[ghc-steering-committee] #477: Unicode ellipsis, recommendation: accept
Vladislav Zavialov (int-index)
vlad.z.4096 at gmail.com
Tue Mar 1 15:09:21 UTC 2022
My -1 is firm. After some digging, I found out that the two dots are the intended notation, not just a shorthand for three dots. If you look at "Ronald L. Graham, Donald E. Knuth, and Oren Patashnik. Concrete Mathematics. Addison–Wesley, second edition, 1994”, you will find the following passage:
For our next problem let's consider a handy new notation, suggested by C. A. R. Hoare and Lyle Ramshaw, for intervals of the real line: [α .. β] denotes the set of real numbers x such that α ≤ x ≤ β. This set is called a closed interval because it contains both endpoints α and β. The interval containing neither endpoint, denoted by (α .. β), consists of all x such that α < x < β; this is called an open interval.
The book is typeset beautifully, and I believe they could’ve used three dots if they wanted, but they used two. Since then, the Hoare-Ramshaw interval notation has been incorporated into various programming languages, including Pascal and Haskell.
I have no idea why the proposal uses three dots, actually.
- Vlad
> On 1 Mar 2022, at 17:42, Joachim Breitner <mail at joachim-breitner.de> wrote:
>
> Hi,
>
> it’s a worthwhile observation that we (somewhat oddly) use a two-dot
> ellipsis in ASCII-Haskell, and Artem took this up on Github to ponder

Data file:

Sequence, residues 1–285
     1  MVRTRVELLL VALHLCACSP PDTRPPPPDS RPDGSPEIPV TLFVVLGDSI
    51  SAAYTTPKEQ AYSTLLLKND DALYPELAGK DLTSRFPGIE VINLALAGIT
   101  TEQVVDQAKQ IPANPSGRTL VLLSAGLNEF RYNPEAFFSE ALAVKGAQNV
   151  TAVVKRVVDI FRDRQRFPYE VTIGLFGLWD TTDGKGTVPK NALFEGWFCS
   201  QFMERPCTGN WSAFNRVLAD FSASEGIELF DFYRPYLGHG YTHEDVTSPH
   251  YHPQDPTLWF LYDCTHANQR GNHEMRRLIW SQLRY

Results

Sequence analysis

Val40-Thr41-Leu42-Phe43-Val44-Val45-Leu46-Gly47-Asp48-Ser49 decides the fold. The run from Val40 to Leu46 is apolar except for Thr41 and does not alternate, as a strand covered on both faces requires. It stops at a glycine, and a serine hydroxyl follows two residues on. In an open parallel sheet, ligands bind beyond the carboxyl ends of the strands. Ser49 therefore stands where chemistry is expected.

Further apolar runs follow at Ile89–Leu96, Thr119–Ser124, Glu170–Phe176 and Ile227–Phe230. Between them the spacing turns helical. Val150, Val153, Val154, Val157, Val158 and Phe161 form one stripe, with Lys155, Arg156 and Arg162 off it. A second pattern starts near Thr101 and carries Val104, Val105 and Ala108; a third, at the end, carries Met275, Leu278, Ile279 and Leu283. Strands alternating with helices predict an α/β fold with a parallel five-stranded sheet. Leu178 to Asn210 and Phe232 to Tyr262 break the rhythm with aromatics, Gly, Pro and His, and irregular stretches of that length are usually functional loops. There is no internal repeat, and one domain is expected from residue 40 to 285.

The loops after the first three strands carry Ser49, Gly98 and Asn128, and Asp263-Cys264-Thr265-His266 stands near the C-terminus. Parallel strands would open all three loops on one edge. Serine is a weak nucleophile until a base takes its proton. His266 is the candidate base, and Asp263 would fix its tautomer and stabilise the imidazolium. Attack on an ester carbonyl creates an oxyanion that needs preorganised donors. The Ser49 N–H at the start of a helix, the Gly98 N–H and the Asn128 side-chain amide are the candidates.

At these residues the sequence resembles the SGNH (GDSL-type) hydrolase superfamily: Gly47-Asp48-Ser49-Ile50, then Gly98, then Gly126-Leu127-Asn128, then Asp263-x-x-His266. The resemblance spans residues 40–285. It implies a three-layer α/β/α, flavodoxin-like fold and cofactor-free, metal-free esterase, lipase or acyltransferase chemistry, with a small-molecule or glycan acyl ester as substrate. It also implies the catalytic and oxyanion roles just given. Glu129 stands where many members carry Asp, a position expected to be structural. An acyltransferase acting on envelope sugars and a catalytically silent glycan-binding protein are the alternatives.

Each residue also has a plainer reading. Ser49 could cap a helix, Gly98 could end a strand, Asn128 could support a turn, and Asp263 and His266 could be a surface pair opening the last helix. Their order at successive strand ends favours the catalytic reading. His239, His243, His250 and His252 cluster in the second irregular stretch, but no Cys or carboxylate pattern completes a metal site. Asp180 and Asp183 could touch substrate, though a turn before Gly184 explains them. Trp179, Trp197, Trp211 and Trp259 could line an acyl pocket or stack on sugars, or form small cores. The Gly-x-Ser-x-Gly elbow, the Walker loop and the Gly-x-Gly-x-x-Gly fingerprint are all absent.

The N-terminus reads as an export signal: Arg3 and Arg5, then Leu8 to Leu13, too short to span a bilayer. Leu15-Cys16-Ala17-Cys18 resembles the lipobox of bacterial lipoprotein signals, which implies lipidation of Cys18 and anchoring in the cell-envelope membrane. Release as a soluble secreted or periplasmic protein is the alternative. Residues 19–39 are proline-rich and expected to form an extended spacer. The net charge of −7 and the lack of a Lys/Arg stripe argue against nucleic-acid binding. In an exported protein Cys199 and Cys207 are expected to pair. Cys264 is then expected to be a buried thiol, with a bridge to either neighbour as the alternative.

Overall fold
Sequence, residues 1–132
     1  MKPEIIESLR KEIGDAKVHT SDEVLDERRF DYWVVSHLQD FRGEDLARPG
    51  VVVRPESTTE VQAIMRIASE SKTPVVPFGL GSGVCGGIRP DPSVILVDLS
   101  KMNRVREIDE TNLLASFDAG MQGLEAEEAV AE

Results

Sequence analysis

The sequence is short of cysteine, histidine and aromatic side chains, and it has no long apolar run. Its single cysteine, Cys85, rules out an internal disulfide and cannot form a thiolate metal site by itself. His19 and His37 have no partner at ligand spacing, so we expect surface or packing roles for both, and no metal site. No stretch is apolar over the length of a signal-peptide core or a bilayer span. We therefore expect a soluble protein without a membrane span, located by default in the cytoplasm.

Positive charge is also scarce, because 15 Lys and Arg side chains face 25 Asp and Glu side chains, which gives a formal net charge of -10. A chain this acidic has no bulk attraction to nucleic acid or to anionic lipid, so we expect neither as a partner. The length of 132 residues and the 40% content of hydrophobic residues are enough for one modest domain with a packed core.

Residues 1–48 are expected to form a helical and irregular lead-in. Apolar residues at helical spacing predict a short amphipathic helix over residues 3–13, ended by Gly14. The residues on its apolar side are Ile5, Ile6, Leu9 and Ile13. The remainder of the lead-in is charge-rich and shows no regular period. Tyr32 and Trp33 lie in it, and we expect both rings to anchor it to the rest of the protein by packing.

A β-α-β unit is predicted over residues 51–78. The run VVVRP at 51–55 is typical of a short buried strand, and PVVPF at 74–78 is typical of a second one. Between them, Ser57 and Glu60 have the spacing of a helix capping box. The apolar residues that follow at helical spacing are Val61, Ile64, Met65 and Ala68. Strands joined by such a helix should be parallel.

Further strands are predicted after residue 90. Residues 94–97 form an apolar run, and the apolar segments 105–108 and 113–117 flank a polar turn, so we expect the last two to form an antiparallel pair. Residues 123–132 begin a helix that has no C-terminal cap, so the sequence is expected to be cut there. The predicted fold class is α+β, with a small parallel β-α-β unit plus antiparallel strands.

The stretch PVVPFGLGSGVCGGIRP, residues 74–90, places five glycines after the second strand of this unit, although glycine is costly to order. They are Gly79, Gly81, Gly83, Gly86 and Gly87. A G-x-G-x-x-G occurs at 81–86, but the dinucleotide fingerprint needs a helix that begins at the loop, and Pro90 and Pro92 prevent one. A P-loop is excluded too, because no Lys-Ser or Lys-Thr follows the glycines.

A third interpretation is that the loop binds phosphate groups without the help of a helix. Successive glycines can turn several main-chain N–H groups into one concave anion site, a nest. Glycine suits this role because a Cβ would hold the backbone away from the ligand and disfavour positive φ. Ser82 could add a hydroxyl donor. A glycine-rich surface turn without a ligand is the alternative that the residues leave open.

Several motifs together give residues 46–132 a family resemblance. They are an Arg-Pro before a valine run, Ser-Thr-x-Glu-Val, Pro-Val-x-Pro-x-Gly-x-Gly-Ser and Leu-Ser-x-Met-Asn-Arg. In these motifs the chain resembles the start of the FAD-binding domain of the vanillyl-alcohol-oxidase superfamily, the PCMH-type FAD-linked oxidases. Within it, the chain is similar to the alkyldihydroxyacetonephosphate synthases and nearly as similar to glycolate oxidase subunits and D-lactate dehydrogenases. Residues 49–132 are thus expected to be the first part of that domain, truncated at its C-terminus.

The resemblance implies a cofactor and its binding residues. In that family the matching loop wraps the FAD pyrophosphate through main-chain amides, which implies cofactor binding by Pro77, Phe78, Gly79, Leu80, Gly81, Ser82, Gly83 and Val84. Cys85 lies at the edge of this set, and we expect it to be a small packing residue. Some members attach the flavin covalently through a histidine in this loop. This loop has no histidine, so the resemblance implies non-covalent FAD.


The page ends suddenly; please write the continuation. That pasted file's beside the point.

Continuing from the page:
> if we should allow ASCII ... as well, but I am not convinced. I wrote
> on the Github thread:
>
>> Hmm, I am not sure I agree that it's confusing. At least to me, from
>> the start when I saw Haskell, the ascii .. meant what's \ldots in
>> LaTeX, and what I tend to write as three close-to-each other dots on
>> paper and is semantically an ellipsis, which in Unicode has a
>> codepoint with that names that in most fonts looks like what you
>> expect it to…
>>
>> So the .. is an ASCII cludge like all others (probably because ... is
>> unnecessarily wide).
>>
>> The analogue is \ for λ - just because the left leg is missing we
>> wouldn't use a unrelated look-alike like \ for the unicode variant,
>> nor ask to be able to write ,\ in ASCII for a better approximation of
>> the real letter.
>>
>> TL;DR: no need to change ASCII-Haskell, and let's use the
>> semantically correct ellipsis symbol in Unicode-Haskell.
>
> Vlad, how firm is your -1? If you feel strongly enough about it (which
> is of course absolutely fine), I’d maybe just put this up for a vote?
> It’s a mostly aesthetical, superficial change where voting may be more
> efficient than long discussions.
>
> Cheers,
> Joachim
>
> --
> Joachim Breitner
> mail at joachim-breitner.de
> http://www.joachim-breitner.de/
>
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